As the quarterback for the Minnesota Vikings, it wasn’t just me out there. I had to trust my teammates. When we drew up plays, especially in critical situations, I knew they saw things I didn’t, and I needed their input to make the right decisions. Every down depended on that trust and respect.
As a business owner, you have to see yourself as the quarterback. Engage with all employees — not just your “star players” — and work to build a trusting team. Your company’s success is built on this foundation of mutual trust.
Build a culture of trust
The great thing about a small company is that the intimate setting fosters close relationships and makes trust easier to cultivate. But a small business can be just as dysfunctional as a large one if it doesn’t put in the work to build and maintain a culture grounded in trust, respect, goodwill, and a team-first mentality. You can have the best technology, the smartest people, and the nicest facilities, but if you don’t have this kind of culture, your chances of success are slim.
Try these three strategies to nurture a culture of trust:
#1. Establish clear processes
The first step to a culture of trust is to set clear expectations. Clear expectations and consistent execution give you confidence that your team will stay on process. But also remember that mistakes happen. When someone makes a mistake, talk about it openly, and never demean him or make him feel like he’s being attacked. When you have trust, you communicate with respect.
I remember a close game when our defense had just stopped the opposing team on a third down. They punted the ball inside our 10-yard line. One of the fundamental rules in that situation is that you play it safe: Take a fair catch, or let it go for a touchback.
But instead of playing it safe, our return man caught the ball and took off running. In fact, he ran all the way down the field for a touchdown! The stadium erupted, but when he returned to the sidelines, our head coach, Bud Grant, said, “If you ever do that again, you’ll never play for the Minnesota Vikings again.”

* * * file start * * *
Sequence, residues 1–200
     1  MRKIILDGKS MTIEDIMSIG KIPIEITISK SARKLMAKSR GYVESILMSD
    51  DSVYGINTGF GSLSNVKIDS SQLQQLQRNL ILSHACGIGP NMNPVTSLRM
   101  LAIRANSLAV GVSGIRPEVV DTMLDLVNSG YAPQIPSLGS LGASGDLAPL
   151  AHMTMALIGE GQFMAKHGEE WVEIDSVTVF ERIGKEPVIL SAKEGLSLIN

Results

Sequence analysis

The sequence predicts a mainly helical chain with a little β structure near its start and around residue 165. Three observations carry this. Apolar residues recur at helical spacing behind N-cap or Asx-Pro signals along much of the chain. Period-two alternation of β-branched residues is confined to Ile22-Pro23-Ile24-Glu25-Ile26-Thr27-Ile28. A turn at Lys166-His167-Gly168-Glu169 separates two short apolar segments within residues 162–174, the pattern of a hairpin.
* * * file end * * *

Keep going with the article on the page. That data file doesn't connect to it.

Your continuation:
Our return man caught a lucky break, but it was the wrong process. Our team was built on the trust that everyone would do the right thing every play. Getting lucky once doesn’t mean team members can ignore the process and run their own plays.
#2. Gather team feedback
Trying to do everything yourself limits you as a leader. Your guidance is crucial, but you don’t know everything. Trust your team to inform you about how to improve or adapt.
Throughout games, I would ask my teammates: “What are you seeing? What’s your man doing? What are you able to do against him? What routes can you run?”
If our offensive tackle, Ron Yary, said, “I can beat my guy on the inside,” I trusted him because he went up against this guy every play. We communicated before each play and came up with a plan we all knew we could execute.
Gather input, and implement your team’s suggestions. When team members trust one another and work together, the whole truly is greater than the sum of its parts.
#3. Don’t try to be the hero
Your company has a better chance of success if your teammates trust you, but that can only happen if you trust them. It all starts with accepting that you don’t always have to be the hero. Don’t try to do things yourself when your team already has a solution in place. Instead of making it about you, empower your team members by trusting them.
Peyton Manning, Michael Jordan, and LeBron James are all incredible individuals. But they understand that teams win; individuals lose. Business is the same way. As the leader, it doesn’t matter if you’re a star; you need a strong team that you trust behind you. That’s the true quarterback mentality. You might deliver the most beautiful spiral imaginable, but if you can’t trust your teammate to catch and run with it, you’ll end right back where you started.
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